The check comes and they split the bill. Unfortunately, they are not planning to attend the dance, which ruins my new-found fantasy of starting a conga line with three rodents.

Having spent enough time on Animal Planet, Mike goes back up to the room, while I set off for the dance, undeterred.  I enter the Ballroom, and find it sparsely populated. A couple of bears, a few wolves and a leopard shuffle listlessly from side to side as 1980’s sing-a-longs like “Come On Eileen” blare from the DJ booth. The room for some reason is incredibly hot, and I can’t understand how the fursuited dancers can take it. They must be melting. They’re certainly sweating. The smell of B.O. is enough to singe nostril hair.

I half-heartedly dance. But the heat and smell get to be a bit much. Plus I’m a lousy dancer under any circumstances, whether it’s with frat boys, coked up stockbrokers or Furries. So I decide to prowl around the second floor where the majority of the convention rooms are until 11:30 when an aptly titled gaming event called “Dork Tower” begins.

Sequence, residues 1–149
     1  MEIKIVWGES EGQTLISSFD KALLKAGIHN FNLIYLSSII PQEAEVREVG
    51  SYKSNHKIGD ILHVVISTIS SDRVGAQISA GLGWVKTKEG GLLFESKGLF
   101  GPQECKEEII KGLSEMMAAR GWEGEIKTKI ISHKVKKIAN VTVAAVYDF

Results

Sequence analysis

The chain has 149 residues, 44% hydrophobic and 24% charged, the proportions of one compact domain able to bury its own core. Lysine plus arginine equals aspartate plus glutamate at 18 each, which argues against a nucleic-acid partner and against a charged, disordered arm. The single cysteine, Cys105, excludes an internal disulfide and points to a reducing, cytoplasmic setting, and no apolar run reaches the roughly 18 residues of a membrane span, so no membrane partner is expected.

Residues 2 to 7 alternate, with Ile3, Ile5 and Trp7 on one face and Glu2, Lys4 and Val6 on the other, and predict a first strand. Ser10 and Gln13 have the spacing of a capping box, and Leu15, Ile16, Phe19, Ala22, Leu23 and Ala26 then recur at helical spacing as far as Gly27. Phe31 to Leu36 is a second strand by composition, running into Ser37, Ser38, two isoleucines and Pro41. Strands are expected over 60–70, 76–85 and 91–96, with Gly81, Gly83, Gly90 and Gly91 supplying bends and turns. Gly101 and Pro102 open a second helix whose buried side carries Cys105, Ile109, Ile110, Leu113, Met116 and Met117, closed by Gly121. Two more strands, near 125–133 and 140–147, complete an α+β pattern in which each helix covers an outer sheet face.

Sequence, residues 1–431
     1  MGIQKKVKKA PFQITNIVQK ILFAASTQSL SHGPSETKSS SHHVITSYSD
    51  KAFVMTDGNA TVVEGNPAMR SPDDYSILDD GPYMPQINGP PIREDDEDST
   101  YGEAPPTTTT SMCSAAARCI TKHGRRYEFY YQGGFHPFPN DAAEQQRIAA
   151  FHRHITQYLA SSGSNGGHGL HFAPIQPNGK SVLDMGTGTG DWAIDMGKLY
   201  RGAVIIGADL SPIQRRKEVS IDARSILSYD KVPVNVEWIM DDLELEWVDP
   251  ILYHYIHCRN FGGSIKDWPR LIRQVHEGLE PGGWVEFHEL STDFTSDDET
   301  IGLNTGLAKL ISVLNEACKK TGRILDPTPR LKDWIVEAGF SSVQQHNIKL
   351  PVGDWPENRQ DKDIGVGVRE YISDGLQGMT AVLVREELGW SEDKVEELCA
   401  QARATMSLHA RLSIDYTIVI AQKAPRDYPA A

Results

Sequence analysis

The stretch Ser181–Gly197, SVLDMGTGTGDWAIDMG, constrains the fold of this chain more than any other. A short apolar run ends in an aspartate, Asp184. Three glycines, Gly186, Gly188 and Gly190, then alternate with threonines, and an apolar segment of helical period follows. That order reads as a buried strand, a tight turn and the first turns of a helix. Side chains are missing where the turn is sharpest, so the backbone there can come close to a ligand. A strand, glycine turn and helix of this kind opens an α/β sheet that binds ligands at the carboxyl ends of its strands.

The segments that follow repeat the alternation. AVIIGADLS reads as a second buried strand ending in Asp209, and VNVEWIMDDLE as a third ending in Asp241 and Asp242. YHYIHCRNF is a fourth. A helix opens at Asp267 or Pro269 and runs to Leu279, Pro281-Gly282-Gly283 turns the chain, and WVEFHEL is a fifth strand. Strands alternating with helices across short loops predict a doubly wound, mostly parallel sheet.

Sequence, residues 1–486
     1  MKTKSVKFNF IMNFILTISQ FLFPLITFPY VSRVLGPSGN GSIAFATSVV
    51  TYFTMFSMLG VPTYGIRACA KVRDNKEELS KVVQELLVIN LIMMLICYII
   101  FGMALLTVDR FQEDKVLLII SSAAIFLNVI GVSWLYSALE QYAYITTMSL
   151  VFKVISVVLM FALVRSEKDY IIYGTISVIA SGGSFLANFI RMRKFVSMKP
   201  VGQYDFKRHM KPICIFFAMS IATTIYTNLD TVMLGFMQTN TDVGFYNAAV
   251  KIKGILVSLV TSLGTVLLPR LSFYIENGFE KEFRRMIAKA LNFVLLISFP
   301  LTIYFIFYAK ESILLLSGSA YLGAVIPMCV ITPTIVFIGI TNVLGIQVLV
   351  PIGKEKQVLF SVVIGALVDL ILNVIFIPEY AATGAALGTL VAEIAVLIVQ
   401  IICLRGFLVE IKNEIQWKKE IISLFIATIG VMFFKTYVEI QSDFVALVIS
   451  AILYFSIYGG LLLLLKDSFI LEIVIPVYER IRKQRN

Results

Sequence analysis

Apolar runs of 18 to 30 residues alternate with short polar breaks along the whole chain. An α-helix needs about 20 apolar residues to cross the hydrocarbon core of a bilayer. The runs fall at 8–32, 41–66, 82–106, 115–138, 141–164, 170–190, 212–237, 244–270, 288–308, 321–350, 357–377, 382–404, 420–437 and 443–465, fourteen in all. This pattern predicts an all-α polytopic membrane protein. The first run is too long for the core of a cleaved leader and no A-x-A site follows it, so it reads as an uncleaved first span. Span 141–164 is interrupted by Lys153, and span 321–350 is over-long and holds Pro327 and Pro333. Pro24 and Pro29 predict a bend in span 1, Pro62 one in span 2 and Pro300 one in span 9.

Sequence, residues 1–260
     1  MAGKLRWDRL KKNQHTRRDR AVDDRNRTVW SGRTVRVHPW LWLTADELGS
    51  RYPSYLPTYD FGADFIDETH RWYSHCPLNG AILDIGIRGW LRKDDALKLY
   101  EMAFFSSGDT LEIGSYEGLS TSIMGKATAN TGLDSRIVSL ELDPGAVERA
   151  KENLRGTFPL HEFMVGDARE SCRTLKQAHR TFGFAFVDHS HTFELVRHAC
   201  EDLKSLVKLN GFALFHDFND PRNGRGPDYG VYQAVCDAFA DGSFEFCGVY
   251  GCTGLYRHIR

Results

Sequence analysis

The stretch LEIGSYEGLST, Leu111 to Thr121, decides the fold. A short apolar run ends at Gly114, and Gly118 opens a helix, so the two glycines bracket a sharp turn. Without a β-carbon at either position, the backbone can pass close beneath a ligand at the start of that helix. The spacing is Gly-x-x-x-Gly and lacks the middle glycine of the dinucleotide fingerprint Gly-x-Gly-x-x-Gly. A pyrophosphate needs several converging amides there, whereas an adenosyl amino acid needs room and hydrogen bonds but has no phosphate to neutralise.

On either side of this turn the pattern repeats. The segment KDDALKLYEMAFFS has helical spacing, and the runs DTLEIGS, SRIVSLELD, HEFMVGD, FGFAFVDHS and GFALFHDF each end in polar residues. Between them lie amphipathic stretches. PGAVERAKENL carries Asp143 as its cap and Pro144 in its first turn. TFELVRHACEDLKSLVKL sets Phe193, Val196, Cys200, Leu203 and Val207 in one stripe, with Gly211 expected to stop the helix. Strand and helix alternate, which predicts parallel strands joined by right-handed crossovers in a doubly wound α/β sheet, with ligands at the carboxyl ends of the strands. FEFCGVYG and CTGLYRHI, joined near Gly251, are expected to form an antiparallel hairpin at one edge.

I stand around reading a copy of “The Daily Howl” until I hear a couple of Furries talking. One of them says, “Well, you should stay away from him. He’s a Furvert.”

I lean in. Is this an offshoot of the Furry subculture? Is it a made up phrase? I am hoping for more, but it seems my eavesdropping is unwelcome. The two gossipers exchange glances and leave in what could be construed as a “huff.” Still, I am undeterred. And intrigued. I need to find out about Furverts. I also realize the easiest way to do this is not by talking to Furries. As this subculture began with the birth of the internet, an off-shoot of a Star Trek convention, filled with people who would much rather livejournal than talk face to face, there is ample WI-FI access. With some trepidation, I log in and look up FURVERT.